Combined supraclavicular brachial plexus block plus ulnar or median nerve block (depending on the location of surgery)
Active Comparator: Single nerve block
Participants in this group will receive a supraclavicular brachial plexus block only.
Procedure: Supraclavicular block
Standard supraclavicular brachial plexus block

  Show Detailed Description

  Eligibility

Ages Eligible for Study:   18 Years to 80 Years
Genders Eligible for Study:   Both
Accepts Healthy Volunteers:   No
Criteria

Inclusion Criteria:

  • Over 18 years of age
  • Surgery on distal upper extremity amenable to a regional anesthetic involving the ulnar (ring, pinky fingers) or median (thumb, index, middle fingers) distribution.

Exclusion Criteria:

  • Patient refusal
  • Allergy to amide local anesthetics
  • Severe coagulopathy
  • Bilateral upper limb surgery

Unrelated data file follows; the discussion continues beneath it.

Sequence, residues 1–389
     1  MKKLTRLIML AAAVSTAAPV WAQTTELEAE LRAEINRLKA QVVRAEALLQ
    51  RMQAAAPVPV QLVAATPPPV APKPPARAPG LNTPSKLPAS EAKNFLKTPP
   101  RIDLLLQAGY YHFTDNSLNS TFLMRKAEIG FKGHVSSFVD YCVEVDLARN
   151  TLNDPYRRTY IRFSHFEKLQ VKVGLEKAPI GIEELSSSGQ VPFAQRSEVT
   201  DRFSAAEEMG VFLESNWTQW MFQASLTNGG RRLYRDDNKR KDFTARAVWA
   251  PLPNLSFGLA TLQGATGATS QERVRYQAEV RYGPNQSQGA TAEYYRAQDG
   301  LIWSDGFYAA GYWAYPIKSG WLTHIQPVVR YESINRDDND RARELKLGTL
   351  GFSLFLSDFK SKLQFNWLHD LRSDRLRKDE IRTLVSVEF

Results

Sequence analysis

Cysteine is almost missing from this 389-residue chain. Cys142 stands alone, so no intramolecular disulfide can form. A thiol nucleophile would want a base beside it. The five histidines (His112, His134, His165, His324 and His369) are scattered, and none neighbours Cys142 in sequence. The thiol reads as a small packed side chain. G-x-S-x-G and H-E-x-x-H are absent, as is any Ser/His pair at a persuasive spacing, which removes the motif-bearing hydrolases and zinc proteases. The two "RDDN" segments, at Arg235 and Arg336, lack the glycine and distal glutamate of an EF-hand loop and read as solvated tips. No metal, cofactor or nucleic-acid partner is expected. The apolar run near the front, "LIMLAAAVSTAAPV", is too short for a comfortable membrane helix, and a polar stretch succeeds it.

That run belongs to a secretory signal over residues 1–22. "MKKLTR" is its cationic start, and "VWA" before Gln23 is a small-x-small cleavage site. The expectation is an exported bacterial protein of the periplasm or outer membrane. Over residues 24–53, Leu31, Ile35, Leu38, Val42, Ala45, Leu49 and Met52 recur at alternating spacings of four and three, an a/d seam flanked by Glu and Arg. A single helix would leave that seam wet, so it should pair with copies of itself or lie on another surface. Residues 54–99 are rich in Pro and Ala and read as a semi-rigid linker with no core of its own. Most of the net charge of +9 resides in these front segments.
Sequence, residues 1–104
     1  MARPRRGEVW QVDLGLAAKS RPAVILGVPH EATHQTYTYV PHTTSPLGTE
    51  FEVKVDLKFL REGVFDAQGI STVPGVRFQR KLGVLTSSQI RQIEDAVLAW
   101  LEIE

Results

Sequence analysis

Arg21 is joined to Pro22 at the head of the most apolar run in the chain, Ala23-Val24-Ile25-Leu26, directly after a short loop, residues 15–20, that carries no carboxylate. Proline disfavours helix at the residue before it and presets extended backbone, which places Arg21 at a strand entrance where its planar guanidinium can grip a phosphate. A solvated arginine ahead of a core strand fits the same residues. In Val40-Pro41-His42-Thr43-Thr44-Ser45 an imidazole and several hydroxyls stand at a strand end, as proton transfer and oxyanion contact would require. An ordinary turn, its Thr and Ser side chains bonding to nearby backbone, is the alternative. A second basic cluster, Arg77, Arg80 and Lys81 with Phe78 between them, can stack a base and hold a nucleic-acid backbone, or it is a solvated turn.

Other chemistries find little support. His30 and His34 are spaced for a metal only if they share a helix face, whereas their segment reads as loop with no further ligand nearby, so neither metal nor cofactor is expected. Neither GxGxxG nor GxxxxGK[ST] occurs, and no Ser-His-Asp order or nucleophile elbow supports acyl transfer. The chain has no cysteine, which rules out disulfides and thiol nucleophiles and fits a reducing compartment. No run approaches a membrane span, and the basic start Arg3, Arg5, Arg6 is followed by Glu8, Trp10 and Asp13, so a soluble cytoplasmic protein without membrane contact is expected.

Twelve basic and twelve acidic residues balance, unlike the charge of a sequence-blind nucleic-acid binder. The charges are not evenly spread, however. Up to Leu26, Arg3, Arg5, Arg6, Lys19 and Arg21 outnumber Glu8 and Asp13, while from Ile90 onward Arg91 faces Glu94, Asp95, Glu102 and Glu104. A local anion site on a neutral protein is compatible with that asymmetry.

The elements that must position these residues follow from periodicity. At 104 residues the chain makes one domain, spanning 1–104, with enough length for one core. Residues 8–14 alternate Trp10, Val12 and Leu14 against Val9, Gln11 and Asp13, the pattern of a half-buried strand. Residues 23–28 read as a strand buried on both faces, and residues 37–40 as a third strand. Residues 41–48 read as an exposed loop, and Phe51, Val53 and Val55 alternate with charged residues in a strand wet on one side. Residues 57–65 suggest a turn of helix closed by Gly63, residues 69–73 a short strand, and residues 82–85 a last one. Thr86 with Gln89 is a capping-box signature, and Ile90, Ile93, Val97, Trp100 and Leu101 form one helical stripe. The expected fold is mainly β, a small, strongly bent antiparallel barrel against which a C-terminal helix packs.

• Surgery involving bone graft from the iliac crest
  • Request for general anesthetic from surgical or research team (for example, nerve stimulation studies)
  Contacts and Locations
Choosing to participate in a study is an important personal decision. Talk with your doctor and family members or friends about deciding to join a study. To learn more about this study, you or your doctor may contact the study research staff using the Contacts provided below. For general information, see Learn About Clinical Studies.

Please refer to this study by its ClinicalTrials.gov identifier: NCT01625208

Locations
Canada, Alberta
University of Alberta Hospital
Edmonton, Alberta, Canada
Sponsors and Collaborators
University of Alberta
Investigators
Principal Investigator: James Cameron, MD University of Alberta
  More Information

Publications:

Responsible Party: University of Alberta
ClinicalTrials.gov Identifier: NCT01625208     History of Changes
Other Study ID Numbers: Pro00027213
Study First Received: June 19, 2012
Last Updated: May 15, 2013
Health Authority: Canada: Ethics Review Committee

ClinicalTrials.gov processed this record on October 20, 2014